Lab 2: Types


In this lab, you will perform several experiments with different types of data.


Most of the lab exercises from here on will have a section named "Files", and it will contain information files and/or links to files that you will use.

/* experiment.cpp is a program to run data type experiments.


#include <iostream>
using namespace std;

int main ()

  int count = 3, 
      number = 5;

  cout << "count is " << count << "\n"
       << "number is " << number << endl;

You should download/copy this file into whatever directory/folder/project you are using for Lab 2. Each lab exercise will usually have one or more files for you to use.

Also, as the opening documentation indicates, you are to personalize this documentation. for example,

   Modified by John Doe for CPSC 104X on December 31, 2012
   to run the experiments for Lab #2.

C++ Output

Output in C++ is done with the cout object. This is the name of the screen in C++. To actually send something to the screen, C++ gives us the << operator. In general, an output statement looks like this:

   cout << item1 <<  item2 << ... <<  itemn;

where each itemi is some object — a label, a variable, a constant, an expression. The << operators separate each of these items. For now, you can send any object to the screen this way.

Compiler Errors

Most (if not all) of the experiments for this lab will ask you to compile a program that will deliberately generate compiler errors. This is to familiarize you with some of the error messages from your compiler.

Helpful hint: The first error message from a compiler is (usually) the most important one.

The reason for the preceding statement is that one mistake can generate several error messages. The compiler may generate several messages for the same mistake; it can also get so confused by an error that it starts to complain about good code!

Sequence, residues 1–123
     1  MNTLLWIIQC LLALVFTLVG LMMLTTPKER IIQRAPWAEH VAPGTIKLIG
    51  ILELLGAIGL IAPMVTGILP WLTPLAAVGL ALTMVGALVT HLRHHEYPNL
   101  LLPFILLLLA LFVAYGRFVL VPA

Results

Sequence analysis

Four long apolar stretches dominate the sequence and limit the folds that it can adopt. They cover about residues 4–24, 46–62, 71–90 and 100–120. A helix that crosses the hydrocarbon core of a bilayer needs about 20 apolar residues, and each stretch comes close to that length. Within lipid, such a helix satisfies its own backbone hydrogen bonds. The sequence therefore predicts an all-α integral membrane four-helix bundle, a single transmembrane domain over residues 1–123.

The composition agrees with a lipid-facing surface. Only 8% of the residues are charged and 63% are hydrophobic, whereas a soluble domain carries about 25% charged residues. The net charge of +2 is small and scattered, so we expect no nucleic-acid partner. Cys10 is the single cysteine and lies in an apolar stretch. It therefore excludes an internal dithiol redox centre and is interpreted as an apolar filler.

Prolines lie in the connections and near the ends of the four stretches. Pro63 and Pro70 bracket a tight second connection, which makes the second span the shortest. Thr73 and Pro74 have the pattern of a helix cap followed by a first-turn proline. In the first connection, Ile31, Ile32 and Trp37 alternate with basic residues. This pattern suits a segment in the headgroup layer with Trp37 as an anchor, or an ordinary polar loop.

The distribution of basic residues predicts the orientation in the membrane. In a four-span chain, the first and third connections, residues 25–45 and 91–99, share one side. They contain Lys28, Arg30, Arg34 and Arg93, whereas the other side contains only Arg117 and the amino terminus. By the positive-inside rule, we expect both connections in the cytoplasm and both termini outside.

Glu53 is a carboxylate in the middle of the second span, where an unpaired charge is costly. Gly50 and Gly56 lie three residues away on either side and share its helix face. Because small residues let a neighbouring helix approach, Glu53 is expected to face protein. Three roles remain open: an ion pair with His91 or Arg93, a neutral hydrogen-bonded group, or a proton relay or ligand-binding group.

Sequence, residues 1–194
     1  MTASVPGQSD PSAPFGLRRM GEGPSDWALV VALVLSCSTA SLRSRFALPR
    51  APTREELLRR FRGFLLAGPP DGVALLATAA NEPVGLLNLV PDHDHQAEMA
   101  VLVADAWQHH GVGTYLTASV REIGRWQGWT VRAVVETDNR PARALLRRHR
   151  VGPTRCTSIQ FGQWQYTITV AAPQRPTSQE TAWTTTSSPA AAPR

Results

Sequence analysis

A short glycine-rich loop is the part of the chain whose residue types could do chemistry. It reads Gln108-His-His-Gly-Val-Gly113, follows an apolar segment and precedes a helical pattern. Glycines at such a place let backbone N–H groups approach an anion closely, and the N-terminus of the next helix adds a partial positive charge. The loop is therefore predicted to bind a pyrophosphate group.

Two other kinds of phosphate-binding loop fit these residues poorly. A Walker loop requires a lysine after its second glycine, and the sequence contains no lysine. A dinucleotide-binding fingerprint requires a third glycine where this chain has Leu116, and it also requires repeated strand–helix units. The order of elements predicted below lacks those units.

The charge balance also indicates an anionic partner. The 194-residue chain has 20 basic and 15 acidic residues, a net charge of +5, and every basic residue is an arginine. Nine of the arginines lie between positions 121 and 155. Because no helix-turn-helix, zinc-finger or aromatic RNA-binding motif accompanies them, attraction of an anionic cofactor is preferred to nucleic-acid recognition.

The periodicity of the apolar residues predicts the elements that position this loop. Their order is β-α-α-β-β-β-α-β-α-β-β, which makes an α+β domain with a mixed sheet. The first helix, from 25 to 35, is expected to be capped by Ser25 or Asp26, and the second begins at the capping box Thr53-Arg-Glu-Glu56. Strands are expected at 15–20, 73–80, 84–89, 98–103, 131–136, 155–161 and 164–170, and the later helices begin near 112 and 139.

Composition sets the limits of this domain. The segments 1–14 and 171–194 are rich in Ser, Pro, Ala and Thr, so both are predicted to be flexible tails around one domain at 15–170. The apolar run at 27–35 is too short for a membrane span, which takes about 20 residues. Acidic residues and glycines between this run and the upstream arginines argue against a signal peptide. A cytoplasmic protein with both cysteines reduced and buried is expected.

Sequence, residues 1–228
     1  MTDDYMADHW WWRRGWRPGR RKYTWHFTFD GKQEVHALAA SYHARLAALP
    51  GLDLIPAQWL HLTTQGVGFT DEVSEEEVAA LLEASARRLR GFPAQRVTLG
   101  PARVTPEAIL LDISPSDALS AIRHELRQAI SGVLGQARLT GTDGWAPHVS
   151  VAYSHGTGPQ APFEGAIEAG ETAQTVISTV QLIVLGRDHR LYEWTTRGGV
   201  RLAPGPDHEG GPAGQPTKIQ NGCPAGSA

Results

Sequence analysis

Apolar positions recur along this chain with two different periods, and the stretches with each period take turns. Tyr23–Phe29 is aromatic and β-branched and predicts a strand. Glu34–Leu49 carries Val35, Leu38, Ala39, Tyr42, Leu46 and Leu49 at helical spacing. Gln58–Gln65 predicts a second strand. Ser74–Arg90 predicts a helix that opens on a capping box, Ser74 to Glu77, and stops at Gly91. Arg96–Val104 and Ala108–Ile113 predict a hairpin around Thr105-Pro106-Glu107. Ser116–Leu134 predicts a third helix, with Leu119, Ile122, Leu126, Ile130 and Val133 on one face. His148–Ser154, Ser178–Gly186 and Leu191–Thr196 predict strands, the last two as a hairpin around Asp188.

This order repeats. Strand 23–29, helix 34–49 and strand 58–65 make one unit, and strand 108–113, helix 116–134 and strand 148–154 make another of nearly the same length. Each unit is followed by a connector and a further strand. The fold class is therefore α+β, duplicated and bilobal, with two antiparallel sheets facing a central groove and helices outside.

Consequently, it is wise to fix the first error message you get (or perhaps the first few if you spot something obvious that's wrong) and then recompile. If you try to fix all of the error messages, you'll waste too much time trying to figure out if your fix for the first error already fixed the other errors. When you recompile, you'll often get a new batch of errors, but as long as you keep working on the first error message each time, you should eventually arrive at a program that compiles.

In these experiments, you'll be asked to write down the first error message that appears when you compile a program with an error in it. Write down the error message verbatim (or copy and paste it) as you read it off the screen. Write down only the first error message.

Error messages may be quite obscure and it will help you to recognize what they mean if you write them down carefully. Try to pick out key words (e.g., "initialization", "undeclared", etc.) in the error message that indicate what's going wrong. Learn to recognize these words.

Compilers will also issue compiler warnings for code that's officially correct according to the C++ standard, but it probably causes some problem. If a program generates only warnings from the compiler, but no errors, you often get a executable program (depending on the compiler), but most likely there's a bug in the program that will be much harder to find at run time. Heed your compiler's warnings!

The Experiments

This lab consists of several experiments. Your instructor may ask you to do only some of these or parts of them; be sure to do those first. You will probably find it helpful to work on the others also, if you have the time.

Experiment #1: Declaration experiments

Experiment #2: Integer experiments

Experiment #3: Real-number experiments

Experiment #4: Character experiments

Experiment #5: String experiments

Experiment #6: Constant experiments

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